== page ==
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Evaluation of Gradient Control Wire and Insulating Joints as ...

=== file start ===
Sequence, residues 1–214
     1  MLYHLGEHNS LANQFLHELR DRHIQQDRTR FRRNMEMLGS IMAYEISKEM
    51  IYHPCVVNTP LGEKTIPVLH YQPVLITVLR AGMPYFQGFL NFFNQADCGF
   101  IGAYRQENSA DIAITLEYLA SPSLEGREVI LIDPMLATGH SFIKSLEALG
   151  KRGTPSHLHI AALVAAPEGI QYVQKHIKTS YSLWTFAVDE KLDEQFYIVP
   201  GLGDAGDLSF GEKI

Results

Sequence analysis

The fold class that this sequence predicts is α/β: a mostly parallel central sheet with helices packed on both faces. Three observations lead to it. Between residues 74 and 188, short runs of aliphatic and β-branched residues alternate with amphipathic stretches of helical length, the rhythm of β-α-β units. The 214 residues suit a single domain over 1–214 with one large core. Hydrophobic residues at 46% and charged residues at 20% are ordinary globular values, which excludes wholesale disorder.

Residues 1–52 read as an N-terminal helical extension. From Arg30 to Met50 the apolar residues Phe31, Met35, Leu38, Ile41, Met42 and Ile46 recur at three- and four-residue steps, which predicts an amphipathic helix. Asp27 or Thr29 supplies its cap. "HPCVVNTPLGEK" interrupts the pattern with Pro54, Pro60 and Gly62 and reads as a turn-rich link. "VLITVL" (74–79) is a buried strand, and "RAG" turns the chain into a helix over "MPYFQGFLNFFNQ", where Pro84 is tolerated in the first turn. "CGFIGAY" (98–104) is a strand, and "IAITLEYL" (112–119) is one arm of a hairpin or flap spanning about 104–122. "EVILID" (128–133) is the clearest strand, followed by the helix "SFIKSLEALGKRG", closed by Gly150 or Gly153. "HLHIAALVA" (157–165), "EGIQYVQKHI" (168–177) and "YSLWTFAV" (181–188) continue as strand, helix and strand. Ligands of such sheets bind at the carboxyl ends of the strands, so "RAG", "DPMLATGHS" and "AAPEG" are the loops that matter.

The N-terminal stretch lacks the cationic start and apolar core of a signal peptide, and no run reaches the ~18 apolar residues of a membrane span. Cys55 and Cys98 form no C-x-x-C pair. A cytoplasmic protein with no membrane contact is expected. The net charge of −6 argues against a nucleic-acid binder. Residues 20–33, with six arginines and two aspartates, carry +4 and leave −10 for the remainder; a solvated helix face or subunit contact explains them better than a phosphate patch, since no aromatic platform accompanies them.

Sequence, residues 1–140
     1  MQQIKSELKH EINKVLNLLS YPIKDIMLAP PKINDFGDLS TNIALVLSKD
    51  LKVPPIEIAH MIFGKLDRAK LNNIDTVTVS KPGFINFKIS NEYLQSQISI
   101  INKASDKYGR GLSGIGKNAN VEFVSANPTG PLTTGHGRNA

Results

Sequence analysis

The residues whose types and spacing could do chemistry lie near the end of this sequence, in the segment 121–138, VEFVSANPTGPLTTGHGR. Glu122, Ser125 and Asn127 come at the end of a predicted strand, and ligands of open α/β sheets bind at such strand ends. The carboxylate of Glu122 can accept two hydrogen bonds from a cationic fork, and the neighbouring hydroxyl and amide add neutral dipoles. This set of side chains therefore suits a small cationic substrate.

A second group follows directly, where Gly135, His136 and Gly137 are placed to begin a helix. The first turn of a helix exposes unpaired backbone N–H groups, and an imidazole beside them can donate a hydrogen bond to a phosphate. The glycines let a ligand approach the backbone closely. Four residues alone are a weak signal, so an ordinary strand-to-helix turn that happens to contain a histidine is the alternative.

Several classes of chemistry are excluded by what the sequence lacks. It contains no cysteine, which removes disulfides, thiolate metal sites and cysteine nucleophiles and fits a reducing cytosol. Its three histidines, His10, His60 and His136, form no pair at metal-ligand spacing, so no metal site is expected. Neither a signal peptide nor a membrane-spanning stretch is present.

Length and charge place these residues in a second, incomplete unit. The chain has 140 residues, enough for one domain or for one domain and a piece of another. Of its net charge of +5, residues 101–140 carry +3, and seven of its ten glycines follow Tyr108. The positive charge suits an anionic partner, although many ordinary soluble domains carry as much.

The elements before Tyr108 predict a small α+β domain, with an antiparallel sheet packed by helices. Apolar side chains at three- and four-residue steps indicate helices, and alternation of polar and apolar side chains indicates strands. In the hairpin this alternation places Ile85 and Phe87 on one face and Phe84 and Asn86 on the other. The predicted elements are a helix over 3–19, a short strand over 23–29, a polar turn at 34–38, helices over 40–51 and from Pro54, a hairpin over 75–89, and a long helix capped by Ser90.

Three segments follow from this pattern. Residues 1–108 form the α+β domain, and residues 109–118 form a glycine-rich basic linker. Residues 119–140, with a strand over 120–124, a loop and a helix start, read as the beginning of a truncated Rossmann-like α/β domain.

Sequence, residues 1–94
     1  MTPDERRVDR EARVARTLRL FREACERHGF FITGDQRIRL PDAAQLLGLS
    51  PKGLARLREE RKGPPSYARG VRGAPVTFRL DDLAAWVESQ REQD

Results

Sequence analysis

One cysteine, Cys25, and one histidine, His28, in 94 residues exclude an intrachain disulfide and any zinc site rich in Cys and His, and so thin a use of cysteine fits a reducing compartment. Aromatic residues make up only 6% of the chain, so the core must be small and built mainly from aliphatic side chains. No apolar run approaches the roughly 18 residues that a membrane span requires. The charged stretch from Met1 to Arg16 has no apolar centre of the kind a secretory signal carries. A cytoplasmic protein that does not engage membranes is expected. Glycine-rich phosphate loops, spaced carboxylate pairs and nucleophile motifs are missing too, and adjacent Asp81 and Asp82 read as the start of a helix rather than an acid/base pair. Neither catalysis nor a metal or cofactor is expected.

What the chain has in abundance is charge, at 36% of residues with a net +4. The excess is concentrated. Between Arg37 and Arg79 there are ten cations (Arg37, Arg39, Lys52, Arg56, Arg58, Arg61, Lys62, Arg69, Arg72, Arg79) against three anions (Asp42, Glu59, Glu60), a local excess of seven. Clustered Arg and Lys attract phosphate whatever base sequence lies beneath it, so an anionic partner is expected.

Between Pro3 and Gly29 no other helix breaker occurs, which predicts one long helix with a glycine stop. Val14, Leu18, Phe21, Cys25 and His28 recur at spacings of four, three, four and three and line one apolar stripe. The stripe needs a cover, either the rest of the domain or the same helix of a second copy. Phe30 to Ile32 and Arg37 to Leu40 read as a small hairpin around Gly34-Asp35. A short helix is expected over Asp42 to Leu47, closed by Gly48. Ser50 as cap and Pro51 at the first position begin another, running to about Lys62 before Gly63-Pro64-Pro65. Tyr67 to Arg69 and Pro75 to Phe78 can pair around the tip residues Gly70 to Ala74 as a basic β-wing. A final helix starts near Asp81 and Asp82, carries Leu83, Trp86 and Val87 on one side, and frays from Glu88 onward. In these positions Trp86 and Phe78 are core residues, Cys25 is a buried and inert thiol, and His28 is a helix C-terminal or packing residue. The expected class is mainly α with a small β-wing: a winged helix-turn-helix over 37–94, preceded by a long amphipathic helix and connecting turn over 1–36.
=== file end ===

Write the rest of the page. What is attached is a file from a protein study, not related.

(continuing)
Evaluation of Gradient Control Wire and Insulating Joints as Methods of Mitigating Induced Voltages in Gas Pipelines Dejan Markovic Vic Smith, Sarath Perera Integral Energy Power Quality and Integral Energy Power Quality and Reliability Centre Reliability Centre University of Wollongong University of Wollongong Wollongong, NSW, Australia Wollongong, NSW, Australia email@example.com firstname.lastname@example.org email@example.com ABSTRACT effectiveness of the two mitigation methods will be presented. Significant voltage levels can be induced in the gas pipelines due to power transmission lines in the areas 2. MITIGATION METHODS where they share the same corridor, especially during a fault. These voltages can affect the operating personnel, 2.1. LUMPED GROUNDING pipeline associated equipment, cathodic protection and the pipeline itself. Quite often, mitigation is required to The simplest method to lower AC interference levels in a reduce these induced voltages to levels that are safe for pipeline is to connect it to earth electrode at certain personnel and integrity of the pipeline. This paper locations. This method is known as lumped grounding or compares features of two mitigation methods: insulating a “brute force method”. The soil resistivity in the area joints and gradient control wire. An existing Agility can affect the size of the required electrode significantly. pipeline is modelled using the specialized CDEGS For example, 50 m vertical rod in a 100 Ωm soil software incorporating these two mitigation methods in achieves 3 Ω. 0.3 Ω can be achieved by six 100 m long order to compare the performance and costs. Results of vertical rods spaced 100 m apart and connected with a this case study may be used as guidelines for designing horizontal conductor. If soil resistivity increases to 1000 the mitigation schemes for new pipelines. Ωm, these dimensions increase tenfold. While it can still work well for mitigation systems with low impedance 1. INTRODUCTION requirements and in a very low soil resistivitity, in many practical cases this method is impractical and very There has been a considerable amount of research into expensive . interference effects between AC power lines and pipelines [1, 2] including computer modelling of 2.2. CANCELLATION WIRE pipelines and power lines . Induced AC voltages in gas pipelines located in shared corridors with power Cancellation wire as a method was developed in the late transmission lines may affect operating personnel, 1980’s. It consists of a long buried wire parallel to the instrumentation and pipeline coating and steel. transmission line, often on the side of the transmission Mitigation system on the pipeline must be designed to line opposite to the pipeline. With proper positioning, reduce the induced voltages on the pipeline both during the voltages induced in the wire are out-of-phase with normal operation and fault conditions on the power lines. voltages induced into the pipeline. By connecting one There are measures applied to power lines that reduce end of the cancellation wire to the pipeline, these induced voltages on pipelines. These include increased voltages cancel each other when the other end of the physical separation of power line from the pipeline, type wire is left free . The problem with this method is that of power line towers, selection of phase sequence and it only cancels inductive component of the fault currents the inclusion of shield wires. However, this research will and it may transfer excessive voltages to its unconnected focus on mitigation methods that are applied to the end. The method requires purchase of additional land for pipeline. the placement of the wire. This paper will begin with an introduction to the four 2.3. INSULATING JOINTS most commonly applied methods for mitigation of AC induced voltages on pipelines. A case study of a pipeline The use of insulating joints is illustrated by Figure 1. whose induced voltage mitigation system was based on Insulating joints divide the pipeline into several insulating joints will be presented. The effect of the electrically isolated parts so that induced voltage cannot power line fault currents on pipeline coating stress reach high levels. Local ground is then connected to the voltage, and safety evaluation of test points along the pipeline at each side of the insulating joint. Each pipeline will be examined. An alternative mitigation earthing electrode is connected to the pipeline through a system using the gradient control wire method will be surge diverter, which operates only when the voltage on designed and examined. A comparison of the the pipeline is higher than its breakdown level. With this method, the pipeline is protected from stray currents that can cause corrosion and cathodic protection currents are power lines and compare results with applicable prevented from leaking out. The combination of Standards for compliance insulating joints and permanent earths can be quite an effective way of mitigating AC voltages on the pipeline. • To develop alternative pipeline mitigation design But there are several drawbacks to this method, which employing gradient control wire method and will be discussed in Section 7. examine the interference for steady state and during fault conditions of the power lines, and compare results with applicable Standards for compliance • To analyse current cathodic protection systems on the pipeline and cathodic protection system design based on gradient control wire • To compare performance and cost of pipeline mitigation systems based on insulating joints and gradient control wire Figure 1: Use of insulating joints 4. SOFTWARE 2.4. GRADIENT CONTROL WIRE This study was performed using CDEGS, a well The latest method for mitigating induced voltages on renowned software package used for analysis of pipelines to emerge is the use of gradient control wire. It electrical induction and conduction problems occurring consists of one or two zinc wires buried in parallel with in non-uniform three-dimensional lossy environment (air the pipeline, with regular electrical connections to the and soil) when time-harmonic currents are injected into pipeline. An example with two wires is shown in Figure various points of network of arbitrarily located 2. The connections should be made through surge conductors in that environment . The package consists diverters, as in the case of insulating joints. Two of several independent modules designed to solve insulating joints are also present at the start and at the different problems. end of the pipeline. It is compulsory to electrically isolate pipeline itself from the rest of the pipeline 5. COMPUTER MODELLING network if the rest of the network operates on different gas pressure level or belongs to a different pipeline 5.1. SHARED CORRIDOR owner. Figure 3: Physical layout of a Brisbane shared Figure 2: Use of gradient control wire corridor Gradient control wires provide grounding to the pipeline The part of the Brisbane to Roma pipeline between in relation to inductive interference. They also raise the metering stations at Collingwood Park and Ellengrove is potential of the local earth, reducing the touch and 9.3 km long which is illustrated in Figure 3. Along with coating stress voltages. Similarly, in relation to this distance the pipeline shares the corridor with a conductive interference, these wires reduce the potential double-circuit vertical steel tower power line. The difference between the pipeline and local earth by separation between the pipeline and power line towers allowing the current to flow between them . varies, but is generally around 30 m. Considering the length of the corridor and the fact that pipeline often 3. OBJECTIVES changes the side it runs along the power transmission line, it is expected that significant amount of induced AC The prime objective of the work presented in this paper voltage would appear on the pipeline, especially during a is to study the electrical interference taking place fault on the power line. between power lines and two of the Agility owned natural gas pipelines. 5.2. PIPELINE Specific objectives: The pipeline is API 5L X60, a standard pipe grade • To analyse current pipeline mitigation design with specified in API (American Petroleum Institute) insulating joints by examining the interference for specification 5L. The pipeline is made of steel with a both steady state and during fault conditions of the 406 mm outer diameter and 9.5 mm wall thickness. Applied coating on the pipeline is high density demonstrates the need for induced voltage mitigation on polyethylene, known as yellow jacket. The coating the pipeline. resistance of yellow jacket is around 1000000 Ω/m². The average depth of the pipeline in the ground is around 1.5 m. 5.3. POWER TRANSMISSION LINE The power transmission lines are owned by Powerlink in Queensland. Line ratings are 300 MVA at 275 kV (630 A per phase). Protection speed settings on the lines are 80 ms primary and 250 ms backup. The tower footing resistances of power lines are incorporated in the study. 5.4. SOIL RESISTIVITY Soil Resistivity measurements were taken at several locations in the shared corridor. Based on these Figure 4: Inductive Coating Stress Voltage with no measurements and CDEGS software calculations, a two mitigation applied layers computer soil model resulted and was used in the study. Soil in the shared corridor was described in In the next step, the mitigation system involving Agility earthing installation schematics as sandstone, insulating joints and permanent earths on each side of sandy, clay or as a combination. In areas where sandy the joint were modelled. According to the installation soil was in the top layer, a high soil resistivity was details sheet, these permanent earth electrodes must observed (e.g. 1300 Ωm). Much lower soil resistivity achieve impedances less then 10 Ω to earth. Once these levels were observed in areas with sandstone of clay in levels are included in the computer model, inductive the top layer (e.g. 200 Ωm). Shared corridor was divided fault study revealed the envelope plot shown in Figure 5. into several regions based on different soil models. 6. CASE STUDY RESULTS In the first stage, the complete pipeline interference study on the Brisbane pipeline was carried out by modelling the existing interference mitigation system. The steady state pipeline potentials, coating stress voltages during the faults (consisting of inductive and conductive component), test point touch voltages and cathodic protection analysis were established in order to compare results with results obtained by using the alternative mitigation system employing gradient control wires. 6.1. EXISTING MITIGATION SYSTEM WITH INSULATING JOINTS Figure 5: Coating Stress Voltage with insulating 6.1.1. STEADY STATE POTENTIALS joints Steady state analysis revealed that maximum induced It is interesting to note the appearance of the plot. At the voltage on the pipeline is around 5 V. This value is well locations of insulating joints and permanent earths, the within the allowed levels in the Standards . There is fault levels are very low, the induced voltages being no need for any mitigation of steady state potentials on below 100 V. Half way between two insulating joints or the pipeline. two permanent earths these levels peak. 6.1.2. FAULT INDUCTIVE COATING STRESS 6.1.3. CONDUCTIVE COATING STRESS VOLTAGE AND TOTAL COATING STRESS VOLTAGE VOLTAGE DURING FAULTS The first step in any fault interference analysis should be the calculation of induced voltage levels on pipeline with To obtain the stress voltage to which pipeline coating no mitigation applied. With this scenario, faults were would be subjected in the case of power lines fault, it is modelled at each of the 22 power line towers in the necessary to calculate conductive component and add it shared corridor. Results of this study are shown as an to inductive component. In reality, there is a small angle envelope plot in Figure 4. Quite high and unacceptable between the two components, so adding them voltage levels are seen to appear on the pipeline during arithmetically represents a conservative approximation. the fault in this case. For example, over 7000 V is The fault study was repeated for faults on all towers in induced at one end of the pipeline. This clearly the shared corridor. Inductive and conductive components and total coating stress voltage are • installation of permanent earths $ 30,000 presented in the Table 1 in the Appendix. From this it is seen that the total coating stress voltages, appearing on • total cost: $ 150,000 the pipeline, are well below required 5 kV, level that corresponds to polyethylene, material used to make 6.2. ALTERNATIVE MITIGATION DESIGN WITH yellow jacket coating that was used on the pipeline. This GRADIENT CONTROL WIRE means that pipeline is well protected against high coating stress voltages with the existing mitigation In the second part of the study, the alternative mitigation system. system for Brisbane pipeline using gradient control wire was designed. One bare zinc wire was placed in the 6.1.4. TEST POINTS TOUCH VOLTAGES pipeline backfill at the same depth as the pipeline itself, at 1.5 m, 1.5 m horizontally away from the center of the Pipeline test points are located on the earth surface, on pipeline. The connections between the pipeline and zinc the top of each insulating joint. Gradient control grid, wire were made approximately at the locations of the serving as test point mitigation, is made of galvanized power line towers. In addition, two insulating joints were steel and placed at a depth of 0.6 m into the ground. The placed at the beginning and the end of the line to grid has 1m x 1m square shape. Connection between the electrically isolate the pipeline from the rest of the earth mat and the pipeline is made through a surge pipeline network. diverter, which means that it is active only during the fault. This arrangement is used to prevent interaction 6.2.1. STEADY STATE POTENTIALS between pipeline cathodic protection system and the grid. Steady state analysis of AC interference between the power transmission line and the pipeline revealed very The maximum allowed touch voltages are calculated low induction levels, in the range 0 and 6 volts, which according to IEEE recommendations  taking a falls well within the levels allowed by Standards . nominal human body weight of 50 kg. These touch voltages are very dependent on the soil resistivity of the 6.2.2. INDUCTIVE COATING STRESS VOLTAGE top layer in the layered soil model. The results are shown DURING FAULTS in Table 2 in the Appendix. It can be seen from the Table that touch voltages at test points 3, 4 and 5 exceed the maximum allowed by IEEE recommendations. Pipeline test points belong to Category B equipment according to Australian Standards . This Category allows a touch voltage of 1000 V during faults lasting less than 1 sec. It can be seen from Table 2 that all test point touch voltages comply with this Standard. 6.1.5. CATHODIC PROTECTION Between each two insulating joints a separate sacrificial anode cathodic protection system was modelled (7 systems between 8 joints). Calculations show that existing sacrificial anodes supply 0.9 µA/m² current density to the pipeline in pre polarized state and 0.6 µA/m² current density in polarized state. Pipeline coating Figure 6: Inductive Coating Stress Voltage with was modelled with 1,000,000 Ω/m² coating resistance, gradient control wire which is a usual value for a polyethylene coating in a Faults were simulated at each single tower in the shared very good shape. Pipeline was built in 2001 and previous corridor. The maximum inductive coating stress voltages surveys show that coating is in excellent condition. on the pipeline are shown in an envelope plot shown in According to these surveys, current densities of less than Figure 6. It is seen that the maximum inductive coating 1 µA/m² were required to polarize the pipeline to the stress voltage is around 1000 V. required levels in the field. Exact value varies depending on the season and wetness of the soil. Calculations 6.2.3. CONDUCTIVE COATING STRESS VOLTAGE showed good matching with pipeline survey. AND TOTAL COATING STRESS VOLTAGE DURING FAULTS 6.1.6. COSTS The conductive analysis has been carried out with faults The costs given below are rough estimates for the applied at all towers in the corridor. The total coating mitigation system on the pipeline. These include cost of stress voltage obtained by adding the inductive and materials and estimates of labor cost required for conductive components are also given in Table 1 in installation : Appendix. It can be seen from that total coating stress • insulating joints $ 60,000 voltages on the pipeline are significantly below the recommended values . In general total coating stress • permanent earth anodes $ 60,000 voltages obtained with use of gradient control wire mitigation are much lower than in the case of insulating dollars. Therefore, consideration should be focused on joints mitigation. adequate performance and possible costs of maintaining the mitigation system, considering the contingencies, 6.2.4. TEST POINTS TOUCH VOLTAGES and not just on the cost of mitigation itself. With this alternative design, locations of test point could 7.2. COMPARISON OF ELCTRICAL AND PHYSICAL be arbitrary, but to enable comparison with insulating FEATURES joints mitigation system, the test points were designed at exactly the same locations. The calculated test points 7.2.1. MITIGATION touch voltages are given in Table 2 in the Appendix. As it can be seen only the calculated touch voltage at test The mitigation system with gradient control wire has point 5 is higher than maximum allowed touch voltage superior performance compared to a system with calculated by the IEEE methods taking into account insulating joints (Figure 6 versus Figure 5). The coating body weight of 50 kg. All test points comply with stress voltages on the pipeline are lower (1000 V Australian Standards . maximum) than those in the case of insulating joints system (2600 V maximum). The induced voltage 6.2.5. CATHODIC PROTECTION distribution curve is more uniform as mitigation is applied along the whole length of the pipeline, not only Zinc gradient control wire used for mitigation was at certain locations (locations of insulating joints), as the modelled as anode material for cathodic protection of the case of the insulating joints system. pipeline. The calculation revealed that zinc wire can supply 0.6 µA/m² current density in pre polarized state System with gradient control wire had one test point and 0.3 µA/m² current density in polarized state. While touch voltage higher than IEEE recommendations, these current densities can polarize the pipeline, it can be compared to three test points on the system with observed that the values are lower than in the case of insulating joints. insulating joints mitigation system. The reason is that magnesium anodes used in the system with insulating 7.2.2. MAINTENANCE AND REPAIR OF GAS joints have higher natural electrochemical potential than PIPELINES WITH INSULATING JOINTS AND zinc. This fact is in line with recent recommendations GRADIENT CONTROL WIRE from the industry that independent cathodic protection systems should be installed in addition to gradient Gas pipelines with insulating joints are more control wire mitigation system . In this situation AC complicated in relation to maintenance. They can be couplers/DC decouplers or surge diverters (see Figure 2) shorted during operation (this case has already been should be installed between the pipeline and the reported in the field). Insulating joints are tested only in mitigation wire to protect pipeline from stray currents the laboratory, and thus, their performance in the field and prevent leakage of cathodic protection current. during faults or lightning can not be predicted. Sealing and installation of the joints maybe difficult and may 6.2.6. COSTS lead to future leaks. Use of insulating joints appears to be an old technique for mitigation of induced voltages in The rough cost estimate of a gradient control wire pipelines . pipeline mitigation system is given below : While the repairs on a system with gradient control wire • single gradient control wire 9.3 km: $123,668 could be done without interrupting the flow of gas in the pipeline, for repairs on the insulating joints the flow of • installation of gradient wire $180000 gas has to be interrupted through the pipeline, incurring high costs to the pipeline owners. • total cost: $303668 7.2.3. CATHODIC PROTECTION 7. COMPARISONS Additional cathodic protection system in the case of 7.1. COMPARISON OF COSTS OF THE TWO SYSTEMS insulating joints mitigation provided higher current densities to the pipeline than the zinc in the case of The basic cost analysis included cost of material and gradient control wire mitigation. Additional cathodic minimal estimated labour costs necessary for protection system is recommended in the case of installation. The results revealed that basic cost for gradient control wire mitigation. If surge diverters are mitigation system using insulating joints would be used to contact the pipeline, the same system with around $150000 and corresponding basic cost for system sacrificial anodes installed on the pipeline can be with zinc gradient control wire would be around applied. $300000. It should be noted once again that these cost are rough estimate and that they are particular to the 7.2.4. CONTACT WITH PIPELINE pipeline and corridor considered. The results may differ for different corridor configurations. Most important Quite often there is a requirement to protect the pipeline aspect is that overall cost of a mitigation system is just a from stray currents and to prevent leakage of cathodic fraction of the total cost of the pipeline and its protection DC currents. The entry point for a stray appurtenances, which runs into tens of millions of current is the mitigation system connected to the pipeline. That is the reason why AC couplers/DC  ANSI/IEEE Std. 80 “IEEE guide for safety in decouplers or surge diverters are installed between the AC substation grounding” pipeline and its mitigation system. This applies for both  Agility, www.teamagility.com systems in consideration here. In the case of gradient control wire, use of decouplers enables the use of  H.Tachick “AC Mitigation Using Shield Wires alternative materials like copper (which could be a and Solid State Decoupling Devices” Materials cheaper option depending on its price on commodity Performance Aug 2001, 40, 8, pg 24 markets).  ARK Engineering and Technical Services, Inc., P.O. Box 407 Cohasset, MA 02025 USA 8. CONCLUSIONS www.arkengineering.com Based on computer simulations of two pipeline APPENDIX mitigation systems in an existing corridor, it was shown that an induced voltage mitigation system employing Tower Insulating Joints Gradient Control Wire gradient control wire has significant benefits compared No. Volts Volts 2226 1185 819 to systems with insulating joints. 2227 578 184 Despite lower costs of systems with insulating joints, 2228 467 252 their weaker performance and much higher costs in 2229 892 468 relation to cases of shorted or leaking joint, makes 2230 761 592 2231 671 506 induced voltage mitigation design with gradient control 2232 2167 827 wire superior. 2233 265 440 2234 403 482 9. ACKNOWLEDGEMENTS 2235 709 564 2236 799 482 This research would not be possible without the 2237 1287 633 generous support of the sponsors, Agility . The 2238 1598 1029 authors wish to thank them for their kind assistance. 2239 1529 917 2240 1265 1004 REFERENCES 2241 563 816 2242 1626 973  A.Taflove, J.Dabkowski “Mutual Design 2243 3167 1393 Considerations for Overhead AC Transmission 2244 1919 975 Lines and Gas Transmission Pipelines” Final 2245 1101 548 Report EPRI EL-904, AGA Cat No. L51278, 2246 1620 590 IIT Research Institute, Chicago, IL Sept 1978 2247 525 403 2248 837 435  F.Dawalibi, R.Southey “Analysis of Electrical Table 1: Total Coating Stress Voltage (inductive Interference from Power Lines to Gas Pipelines and conductive components together) on the Part I: Computational Methods” IEEE pipeline for the fault at each tower in the corridor Transactions on Power Delivery, Vol 4, No 3, July 1989 T Point Insulating J Gradient CW Max TV  D.Markovic, V.Smith, S.Perera, S.Elphich 1 157 135 453 “Modelling of the Interaction between Gas 1 199 229 453 Pipelines and Power Transmission Lines in 2 306 267 993 Shared Corridors” Australasian Universities 2 372 269 993 Power Engineering Conference, Brisbane, 3 646 274 947 September 2004, Paper No. 223 3 665 266 416  R.Southey, F.Dawalibi “Computer Modelling 4 263 208 391 4 537 276 416 of AC Interference Problems For the Most 5 671 528 391 Cost Effective Solutions” 53rd Annual 5 949 507 993 Conference in Corrosion, NACE 98, California, 6 925 522 947 March 22-27, 1998 7 478 195 947  R.Southey, F.Dawalibi, W.Vukonich, “Recent 7 637 247 947 Advances in the Mitigation of AC Voltages 8 129 307 947 Occurring in Pipelines located close to Electric Table 2: Total Touch Voltage (inductive and conductive components added) on Test Points for Transmission Lines” IEEE Transactions on faults at two closest towers and Maximum Touch Power Delivery, Vol.9, No.2, April 1994 Voltage calculated by IEEE recommendations  Safe Engineering Services & Technologies based on 50 kg body weight LTD, 1544 Viel, Montreal, Quebec, Canada H3M IG4, www.sestech.com  AS/NZS 4853:2000 “Electrical Hazards on Metallic Pipelines”